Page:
The dad has some typical abuse/control problems, and moved the family up to Oregon, away from the support network they'd built down here. It turns out I'd interviewed the friend's father for a job a long time ago, and further that the friend's parents had once brought a hailstorm of drama and heartbreak down on folks I met separately. I mean a crazy hailstorm, like "if they tried to get on Judge Judy, no one would believe it actually happened" kind of crazy. In the back of my mind, I knew the dad lived here in town, and it's not surprising that they should be at the same school (for quirky kids) together, but that they should independently befriend each other is pretty out there.

(The father's ex-wife is re-married but still uses his last name; the friend's mother uses her maiden name, so I didn't see the connection until everyone was tagged in a Facebook photo.)

Last month, J's friend N committed suicide, at age 11. Powerless, un-heard, un-seen, un-accepted. Just...gone.
"It is impossible, when we're children, to acknowledge how vulnerable we are."
It could have been me. It almost was. Nothing in particular made it be otherwise. It's not like I knew things would get better with time. Just...luck.

Friday, April 20, 2018

still listening to this one.

Following up on my previous post, I actually did take the Bar Violin and tuned it from GDAE down to DDAD. Nothing magical happened, viz.
  1. It sounds crappy. No surprise there: a string's size and composition vary depending on what pitch you want it to sound good at (and what your instrument will tolerate without breaking).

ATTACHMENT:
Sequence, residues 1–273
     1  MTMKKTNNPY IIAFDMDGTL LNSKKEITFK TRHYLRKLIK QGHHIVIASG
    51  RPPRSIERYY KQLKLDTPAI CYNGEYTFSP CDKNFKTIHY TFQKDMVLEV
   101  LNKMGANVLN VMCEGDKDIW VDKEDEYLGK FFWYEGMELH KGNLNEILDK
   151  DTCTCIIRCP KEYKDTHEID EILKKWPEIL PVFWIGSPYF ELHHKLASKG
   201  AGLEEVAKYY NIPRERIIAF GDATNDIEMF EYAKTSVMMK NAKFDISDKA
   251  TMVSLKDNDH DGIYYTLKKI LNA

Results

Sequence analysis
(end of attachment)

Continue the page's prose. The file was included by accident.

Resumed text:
2. "Midnight On the Water" doesn't sound that much better (the low D in particular is just a drone), and I still can't play "Bonaparte's Retreat."
They can, though:

I can play backup on the slow one. It's a process.

Monday, April 9, 2018

frets are for chumps.

I'm still learning the violin! It's great. It's an absurd instrument, but as long as I'm willing to spend 10 minutes trying to get the same 6 notes right, gratification is near-instant. My teacher says that's the great thing about teaching adults: we understand that repetition is not exciting, but that's how you learn stuff.

(Years ago a guy taught a first-aid class at the dojo, and he had this defensive/defusing banter down about how we were all going to hate him by the end because of the repetition. I went up to him at the break and said, "I see why you need that elsewhere, but you should understand that you're teaching a roomful of people who have quite literally spent decades doing the same movements over and over, and we get it. You can relax a bit." Which he didn't, very much, but I tried.)

I have a 5-day work conference in San Diego in May, and I don't really want to go a week without playing, so I'll bring the violin along and hope the practice mute and the normal hotel soundproofing work well enough that I can practice without complaints.

I'm at the point in Volume 1 of the Suzuki Method where the music gets more interesting, because "It's by Bach, instead of Suzuki." In this case it's Minuet #1, and YouTube is full of people playing it who clearly had it under their belts quite some time ago, if you're interested. I just play it over and over, mostly in bits and pieces, doggedly trying again and again until I get it better.

My fingers have a memory of their own. I'll play a passage, make an identifiable new mistake, decide to fix it on the next run-through, only to have my fingers make the same mistake. This is where I hit a wall performing as a classical guitarist, not just that I didn't practice enough (which was certainly true) but that my fingers just...didn't do what I told them to do, and it was worse with performance nerves.